South Korea manager Kim In-sik said he only had one card left to play. The veteran skipper had been itching to use a pinch hitter, and the top of the ninth inning, with his team down three runs against rival Japan, seemed to be as good of a time as any.
That player, Oh Jae-won, came up with a hit that helped ignite a rally and, in a bitter bit of irony, a man who was cheered by a number of Japanese fans less than a month ago was the one who struck the crushing blow in the end.
Japan Series MVP Lee Dae-ho hit a go-ahead two-run single as South Korea scored four runs in the top of the ninth to rally into the Premier 12 final with a 4-3 victory over Japan in front of a stunned crowd of 40,258 on Thursday night at Tokyo Dome.
“I’m very happy to be able to win,” said Lee (through a translator), who helped slug the Fukuoka Softbank Hawks to the Japan Series title last month. “My teammates had a strong will to win. We were determined to take advantage of this chance and I’m happy we were able to win.”
South Korea moves on to the final and will face the winner of Friday’s semifinal between Mexico and the United States.
“We will do our best to win,” the Korean manager said. “We won against Japan and sometimes in baseball a strong team loses to a weaker one.”
It was a bitter ending for Japan, which had been 5-0 in the tournament.
“We had to win this game and we lost it,” Japan manager Hiroki Kokubo said. “It’s really too bad.”
The Koreans had been dominated for most of the night, mustering just one hit and striking out 11 times against Japanese starter Shohei Otani. They went down in order again in the eighth against reliever Takahiro Norimoto.
They managed to turn the tables in ninth while trailing 3-0.
Oh got things going with his single to right off Norimoto to start the frame and another pinch hitter, Son Ah-seop, singled up the middle. Jeong Keun-woo got South Korea on the board with an RBI double to left and Lee Yong-kyu was hit by a pitch, which loaded the bases.
That spelled the end of Norimoto’s night, but only the beginning of Japan’s problems.
Lefty Yuki Matsui was called into a bases-loaded situation and walked Kim Hyun-soo on five pitches to force in a run.
“I wasn’t nervous,” the 20-year-old Matsui said. “But they had their best left-handed hitter up and maybe I should’ve been more aggressive. I learned how difficult it was to pitch in a situation like that.”
Japan went to the bullpen again, bringing on Hirotoshi Masui to face Lee. Masui, who pitches for the Hokkaido Nippon Ham Fighters, faced Lee four times during the NPB season and struck him out each time.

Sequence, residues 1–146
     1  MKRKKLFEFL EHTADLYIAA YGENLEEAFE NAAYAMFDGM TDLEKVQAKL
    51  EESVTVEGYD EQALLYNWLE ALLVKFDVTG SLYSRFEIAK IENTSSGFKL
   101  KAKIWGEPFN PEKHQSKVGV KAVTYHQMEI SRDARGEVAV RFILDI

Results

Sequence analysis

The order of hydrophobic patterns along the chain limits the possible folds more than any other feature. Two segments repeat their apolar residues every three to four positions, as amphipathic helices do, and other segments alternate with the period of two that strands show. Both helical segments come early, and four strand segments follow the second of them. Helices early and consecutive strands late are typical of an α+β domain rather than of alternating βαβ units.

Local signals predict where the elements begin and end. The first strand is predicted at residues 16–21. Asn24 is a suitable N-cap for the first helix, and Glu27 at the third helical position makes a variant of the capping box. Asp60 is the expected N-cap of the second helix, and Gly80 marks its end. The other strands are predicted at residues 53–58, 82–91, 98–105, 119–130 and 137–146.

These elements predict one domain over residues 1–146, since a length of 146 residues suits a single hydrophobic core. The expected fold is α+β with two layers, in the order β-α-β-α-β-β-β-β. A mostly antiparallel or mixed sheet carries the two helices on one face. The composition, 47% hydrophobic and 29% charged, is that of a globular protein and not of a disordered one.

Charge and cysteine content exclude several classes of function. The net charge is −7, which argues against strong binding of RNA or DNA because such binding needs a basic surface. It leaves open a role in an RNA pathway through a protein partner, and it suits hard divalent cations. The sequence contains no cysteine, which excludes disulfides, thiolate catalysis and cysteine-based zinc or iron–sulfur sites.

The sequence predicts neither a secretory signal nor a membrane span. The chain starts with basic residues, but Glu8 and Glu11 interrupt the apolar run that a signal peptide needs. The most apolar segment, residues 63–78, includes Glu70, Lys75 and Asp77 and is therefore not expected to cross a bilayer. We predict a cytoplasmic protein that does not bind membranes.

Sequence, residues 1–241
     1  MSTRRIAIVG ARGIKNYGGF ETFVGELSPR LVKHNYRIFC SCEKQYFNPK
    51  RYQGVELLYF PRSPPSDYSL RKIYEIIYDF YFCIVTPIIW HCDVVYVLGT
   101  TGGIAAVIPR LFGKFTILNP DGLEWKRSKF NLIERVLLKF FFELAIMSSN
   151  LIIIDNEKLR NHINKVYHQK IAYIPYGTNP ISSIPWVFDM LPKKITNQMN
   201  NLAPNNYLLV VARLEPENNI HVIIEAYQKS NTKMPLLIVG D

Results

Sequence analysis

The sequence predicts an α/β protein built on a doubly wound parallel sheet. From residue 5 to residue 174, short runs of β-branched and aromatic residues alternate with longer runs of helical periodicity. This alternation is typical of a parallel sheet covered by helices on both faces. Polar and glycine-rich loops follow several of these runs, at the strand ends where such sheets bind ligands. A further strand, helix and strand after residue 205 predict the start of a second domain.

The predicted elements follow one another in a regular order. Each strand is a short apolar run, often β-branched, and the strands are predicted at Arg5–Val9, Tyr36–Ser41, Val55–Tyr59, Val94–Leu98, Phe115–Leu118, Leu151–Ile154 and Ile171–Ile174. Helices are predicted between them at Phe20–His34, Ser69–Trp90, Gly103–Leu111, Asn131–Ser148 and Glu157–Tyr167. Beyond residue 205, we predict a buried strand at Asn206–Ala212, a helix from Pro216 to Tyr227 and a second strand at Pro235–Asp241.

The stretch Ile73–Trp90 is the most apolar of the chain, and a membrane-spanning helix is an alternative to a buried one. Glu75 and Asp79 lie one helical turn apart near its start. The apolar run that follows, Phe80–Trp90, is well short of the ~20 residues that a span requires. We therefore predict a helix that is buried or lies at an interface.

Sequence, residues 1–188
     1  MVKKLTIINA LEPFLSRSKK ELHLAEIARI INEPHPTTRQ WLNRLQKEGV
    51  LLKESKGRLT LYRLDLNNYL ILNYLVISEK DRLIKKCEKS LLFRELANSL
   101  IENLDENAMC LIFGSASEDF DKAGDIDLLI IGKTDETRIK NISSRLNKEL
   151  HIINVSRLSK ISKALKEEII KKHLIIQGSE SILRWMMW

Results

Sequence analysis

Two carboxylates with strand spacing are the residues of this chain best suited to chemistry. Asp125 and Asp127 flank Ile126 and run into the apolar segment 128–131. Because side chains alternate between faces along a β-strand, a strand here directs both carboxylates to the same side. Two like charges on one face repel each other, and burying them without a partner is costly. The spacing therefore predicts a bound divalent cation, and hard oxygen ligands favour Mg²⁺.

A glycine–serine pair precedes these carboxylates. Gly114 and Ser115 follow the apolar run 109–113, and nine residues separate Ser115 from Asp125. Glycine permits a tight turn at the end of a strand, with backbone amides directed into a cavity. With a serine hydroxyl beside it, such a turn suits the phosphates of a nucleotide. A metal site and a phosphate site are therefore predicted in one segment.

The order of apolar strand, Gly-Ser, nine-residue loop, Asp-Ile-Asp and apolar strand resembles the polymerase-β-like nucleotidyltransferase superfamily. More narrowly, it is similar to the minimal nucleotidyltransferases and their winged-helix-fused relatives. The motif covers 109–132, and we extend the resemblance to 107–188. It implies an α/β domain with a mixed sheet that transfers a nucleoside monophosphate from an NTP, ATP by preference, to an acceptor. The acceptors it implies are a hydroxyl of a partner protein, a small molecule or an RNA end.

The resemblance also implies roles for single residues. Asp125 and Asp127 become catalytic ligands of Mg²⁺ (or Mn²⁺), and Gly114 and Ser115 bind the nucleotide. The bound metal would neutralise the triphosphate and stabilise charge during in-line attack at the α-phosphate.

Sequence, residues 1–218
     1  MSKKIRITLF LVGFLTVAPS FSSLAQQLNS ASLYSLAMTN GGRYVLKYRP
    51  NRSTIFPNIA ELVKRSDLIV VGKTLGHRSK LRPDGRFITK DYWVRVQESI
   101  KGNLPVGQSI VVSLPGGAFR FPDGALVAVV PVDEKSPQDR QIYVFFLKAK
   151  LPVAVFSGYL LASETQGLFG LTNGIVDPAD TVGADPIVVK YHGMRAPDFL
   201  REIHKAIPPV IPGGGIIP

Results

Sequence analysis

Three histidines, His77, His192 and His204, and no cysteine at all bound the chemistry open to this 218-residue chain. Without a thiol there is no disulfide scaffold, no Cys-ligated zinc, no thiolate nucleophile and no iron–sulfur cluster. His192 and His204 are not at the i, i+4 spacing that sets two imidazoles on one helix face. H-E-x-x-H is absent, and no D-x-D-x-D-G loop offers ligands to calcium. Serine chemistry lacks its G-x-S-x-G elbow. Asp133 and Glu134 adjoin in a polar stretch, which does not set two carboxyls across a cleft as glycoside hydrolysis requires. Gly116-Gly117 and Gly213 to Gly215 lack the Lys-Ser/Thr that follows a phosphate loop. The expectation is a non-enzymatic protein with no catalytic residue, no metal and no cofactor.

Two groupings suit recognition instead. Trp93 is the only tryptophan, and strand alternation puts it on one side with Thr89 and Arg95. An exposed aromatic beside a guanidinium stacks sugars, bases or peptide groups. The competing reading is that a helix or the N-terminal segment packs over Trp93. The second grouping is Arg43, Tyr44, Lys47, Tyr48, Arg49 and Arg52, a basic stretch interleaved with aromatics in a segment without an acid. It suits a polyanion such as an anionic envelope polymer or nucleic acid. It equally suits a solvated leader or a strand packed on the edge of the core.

The Korean slugger got the best of this battle, lining a 2-1 forkball into left to score two runs.
“I felt like he was going to throw me forkballs and fastballs mostly,” Lee said.
The Korean players celebrated in front of their dugout after Lee’s hit and turned the party up a notch after the slugger returned to the dugout after being lifted for a pinch runner.
The Japanese players could only watch.
“We could have given up a run and at least wanted to get out of the inning with the score tied,” Masui said. “But I let them go ahead, and it’s on me.”
South Korea’s Lim Chang-min earned the win in relief.
Norimoto took the loss after being charged with all four runs in the ninth.
“All the pitches I threw were too hittable,” Norimoto said. “If I’d kept the ball down, I believe I would’ve had a better chance to get groundouts. That’s an area where I need to improve.
The bullpen meltdown spoiled a brilliant outing by Otani, who took a no-hitter into the seventh and struck out 11. He threw 85 pitches and allowed just one hit and hit a batter.
“Otani was reaching his limit so I had to change pitchers,” Kokubo said. “Otani got through the seventh and I decided to bring on Norimoto. After they put runners on base, I had to consider other options, but the plan was to finish the eighth and ninth innings with Norimoto.”
Japan now moves on to the third-place game on Saturday against the loser of Friday’s semifinal.
“That will be our final game of the year and we talked about ending the year with a win,” said outfielder Shogo Akiyama.
Ryosuke Hirata and Hayato Sakamoto each drove in runs for Japan in the losing effort. Hirata finished with a two-hit night, as did Akira Nakamura.
“We played a hard-fought contest,” Norimoto said. “In the end, somebody has to win and somebody has to lose. I certainly wanted to finish the game, but I just came up short.”
Staff writer Kaz Nagatsuka contributed to this report.
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